Soaring to the sun to celebrate youth and freedom

The sky is the limit. © Charles Thibo

Are you familiar with the Greek myth of Daedalus and Icarus? Father and son were held prisoner on the island of Crete and since Crete’s ruler, King Minos, controlled the land and sea routes, Daedalus built artificial wings for himself and his son in order to flee. Before take-off, Daedalus warned Icarus not to fly too high, because the sun would melt the wax that held the wings together, nor too low, because the sea foam would soak the feathers. Once in the air, Icarus, exhilarated by the experience of flying, forgot his father’s warning and soared higher and higher. The heat of the sun melt the wax, the wings fell apart and Icarus drowned in the Aegean Sea.

Whenever I hear the first movement of Sergei Prokofiev’s Piano Concerto No. 3 in C major, I must think of Icarus and his fate. You can fly, but respect your limits. If you trespass a certain red line, you will meet a tragic end. Prokofiev would learn this lesson too. While he stayed outside the Russian Empire and the newly born Soviet Union, he could explore any compositional fantasy he wanted. After his return to the Soviet Union, the limits were set by the official cultural doctrine of “Socialist Realism”.

Old world meets new world

Prokofiev started to put to paper the first sketches for his Piano Concerto No. 3 in 1913, he revisited those sketches in 1916/17, interrupted the work again. He finished the score in 1921; the premiere took place on 16 December 1921 in Chicago with the Chicago Symphony Orchestra and the composer playing the solo part. The recording I have explored has been produced by the Berlin Philharmonic Orchestra, conducted by Claudio Abbado, and the pianist Evgeny Kissin.

The piece illustrates the new roads that Russian and French composers were taking: the influence of French Impressionism in painting and the idea of “luminous” music fixing a momentarily impression or emotion, the influence of American jazz music, the lessons learnt from Sergei Diaghilev’s Ballets Russes in Paris, an overall modern touch, embracing atonality, broken melodies, overcoming the traditional sonata form.

White keys only

Laurel Fay, author of a riveting biography of Dmitry Shostatkovich, explains that “in 1916-17 [Prokofiev] had toyed with the idea of writing a ‘white-key’ string quartet, music that can be played using only the white keys on the piano. Two themes for the finale of his concerto were retrieved from this project.” She praises “the powers of invention and the felicitous balance of signature elements of Prokofiev’s style – irrepressible rhythmic energy, a steely percussive edge, flashes of impish wit, a vivid orchestral palette, and a warm lyrical impulse.” Every bar exudes the feeling that the world belongs to the youth.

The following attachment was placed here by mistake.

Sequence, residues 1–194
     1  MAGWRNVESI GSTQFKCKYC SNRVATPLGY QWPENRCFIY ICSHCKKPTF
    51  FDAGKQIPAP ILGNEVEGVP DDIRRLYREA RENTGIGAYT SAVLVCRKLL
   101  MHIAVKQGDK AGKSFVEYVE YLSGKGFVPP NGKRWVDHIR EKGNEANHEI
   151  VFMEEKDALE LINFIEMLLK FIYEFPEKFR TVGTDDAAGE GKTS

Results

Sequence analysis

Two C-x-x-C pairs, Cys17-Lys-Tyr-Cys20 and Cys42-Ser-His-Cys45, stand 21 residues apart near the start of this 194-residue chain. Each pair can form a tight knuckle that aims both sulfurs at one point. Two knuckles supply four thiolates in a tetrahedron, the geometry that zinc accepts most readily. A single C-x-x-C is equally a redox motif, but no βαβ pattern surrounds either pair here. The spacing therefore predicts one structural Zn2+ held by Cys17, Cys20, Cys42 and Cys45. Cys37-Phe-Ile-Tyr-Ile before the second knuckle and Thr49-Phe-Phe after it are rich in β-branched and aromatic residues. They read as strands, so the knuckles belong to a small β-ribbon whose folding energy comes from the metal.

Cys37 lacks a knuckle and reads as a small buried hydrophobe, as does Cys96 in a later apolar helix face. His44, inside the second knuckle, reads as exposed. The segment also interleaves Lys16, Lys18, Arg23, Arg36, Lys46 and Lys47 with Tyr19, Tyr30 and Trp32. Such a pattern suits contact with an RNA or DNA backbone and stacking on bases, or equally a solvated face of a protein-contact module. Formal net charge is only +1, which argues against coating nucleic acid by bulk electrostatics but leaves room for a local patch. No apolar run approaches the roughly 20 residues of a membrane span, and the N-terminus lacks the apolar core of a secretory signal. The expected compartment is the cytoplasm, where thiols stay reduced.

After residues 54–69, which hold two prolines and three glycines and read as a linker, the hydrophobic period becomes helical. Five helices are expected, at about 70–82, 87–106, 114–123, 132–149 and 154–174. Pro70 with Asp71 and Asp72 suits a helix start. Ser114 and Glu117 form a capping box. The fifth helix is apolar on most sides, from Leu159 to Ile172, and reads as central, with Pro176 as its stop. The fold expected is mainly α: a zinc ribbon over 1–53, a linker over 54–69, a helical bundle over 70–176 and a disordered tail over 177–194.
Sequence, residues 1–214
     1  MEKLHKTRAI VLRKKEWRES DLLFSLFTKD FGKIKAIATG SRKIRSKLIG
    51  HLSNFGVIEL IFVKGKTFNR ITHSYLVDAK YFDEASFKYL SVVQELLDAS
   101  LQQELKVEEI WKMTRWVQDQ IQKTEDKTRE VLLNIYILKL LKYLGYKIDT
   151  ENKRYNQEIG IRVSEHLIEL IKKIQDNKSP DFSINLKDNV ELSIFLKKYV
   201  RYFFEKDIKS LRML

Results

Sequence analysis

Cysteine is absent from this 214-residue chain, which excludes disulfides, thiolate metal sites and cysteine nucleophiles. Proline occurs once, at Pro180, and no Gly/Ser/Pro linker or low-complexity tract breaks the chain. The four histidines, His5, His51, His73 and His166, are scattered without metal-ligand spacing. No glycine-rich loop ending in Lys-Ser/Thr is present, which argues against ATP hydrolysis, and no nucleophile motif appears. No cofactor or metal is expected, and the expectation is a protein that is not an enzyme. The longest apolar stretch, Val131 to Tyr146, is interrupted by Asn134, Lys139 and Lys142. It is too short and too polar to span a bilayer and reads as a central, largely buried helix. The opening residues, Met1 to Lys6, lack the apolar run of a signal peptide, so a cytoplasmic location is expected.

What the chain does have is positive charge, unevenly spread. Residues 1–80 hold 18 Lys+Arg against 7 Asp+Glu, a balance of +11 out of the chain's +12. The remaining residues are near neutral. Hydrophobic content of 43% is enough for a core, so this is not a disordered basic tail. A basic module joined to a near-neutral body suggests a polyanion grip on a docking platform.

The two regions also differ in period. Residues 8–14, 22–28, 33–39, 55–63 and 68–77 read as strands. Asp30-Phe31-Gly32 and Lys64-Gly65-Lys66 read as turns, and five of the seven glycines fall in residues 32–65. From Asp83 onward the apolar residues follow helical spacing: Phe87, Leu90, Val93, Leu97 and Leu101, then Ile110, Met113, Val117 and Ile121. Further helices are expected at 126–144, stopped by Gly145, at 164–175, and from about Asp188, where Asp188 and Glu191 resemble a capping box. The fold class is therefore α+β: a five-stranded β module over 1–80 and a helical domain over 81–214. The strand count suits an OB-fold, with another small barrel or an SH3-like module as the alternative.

While Prokofiev was about to finish the concerto in his summer residence in Brittany, he socialized with the Russian symbolist poet Konstantin Balmont (1867-1942), who stayed nearby. After he had introduced the writer to his concerto, Balmont wrote these lines:

Prokofiev! Music and youth in bloom,
In you, the orchestra yearned for resonant summer
And the invincible Scythian strikes the tambourine of the sun.

© Charles Thibo


Impressions or a souvenir from the sea

Serenity on water © Charles Thibo

Back and forth, back and forth, back and forth – gently the boat rocks and rolls in the bay, pushed by a light sea breeze, swayed by the rippling waves. While I did  not intend to blog during my summer vacation1, a picture I shot a few days ago in Brittany reminded me of Maurice Ravel’s piano piece “Une barque sur l’océan” (A boat on the ocean). A beautiful piece Ravel wrote in two versions: one for the piano (1904/05) and a fully orchestrated one. The first one has been recorded by Pierre-Laurent Aimard the second one by the London Symphony Orchestra, two amazing productions.

Continue reading

How Mozart leaked a secret score to the public

Baroque theme
The Vatican’s once hidden splendor. © Charles Thibo

The Vatican and its many secrets – we didn’t need Dan Brown, author of the bestseller “The Da Vinci Code”, to lift the veil that hid what the Papal State wanted to remain unknown. Wolfgang Amadeus Mozart did it before. While he stayed in Rome in 1770  he heard Gregorio Allegri’s “Miserere”, which is performed annually during the Holy Week by the Papal choir. He memorised the ornamented sections, kept secret up to then, copied them to paper and had them published through a middleman, the organist, composer and music scholar Charles Burney.

Continue reading!

A work in progress – half serenade, half symphony


Jubilant splendor. © Charles Thibo

“Sonnez cors et trompettes!” (Sound the horns and trumpets).  This French expression came to my mind when I listened to Johannes Brahms Serenade No. 1 in D, Op. 11, especially to the jubilant first movement. It has been recorded by the Mahler Chamber Orchestra, back to back with Schumann’s Cello Concerto that I have presented in a post two days ago. I never had really cared to listen to Brahms’ serenade in D consciously before I began to study Schumann’s piece. An omission I later regretted! Because… because it is incredibly beautiful, rich, melodious – very much a reverence to Haydn, Mozart and Beethoven. It displays an overall sunny, optimistic mood, a piece that requires no effort to listen to and has no deeper meaning thant to give the audience 55 minutes of pleasure.

Continue reading!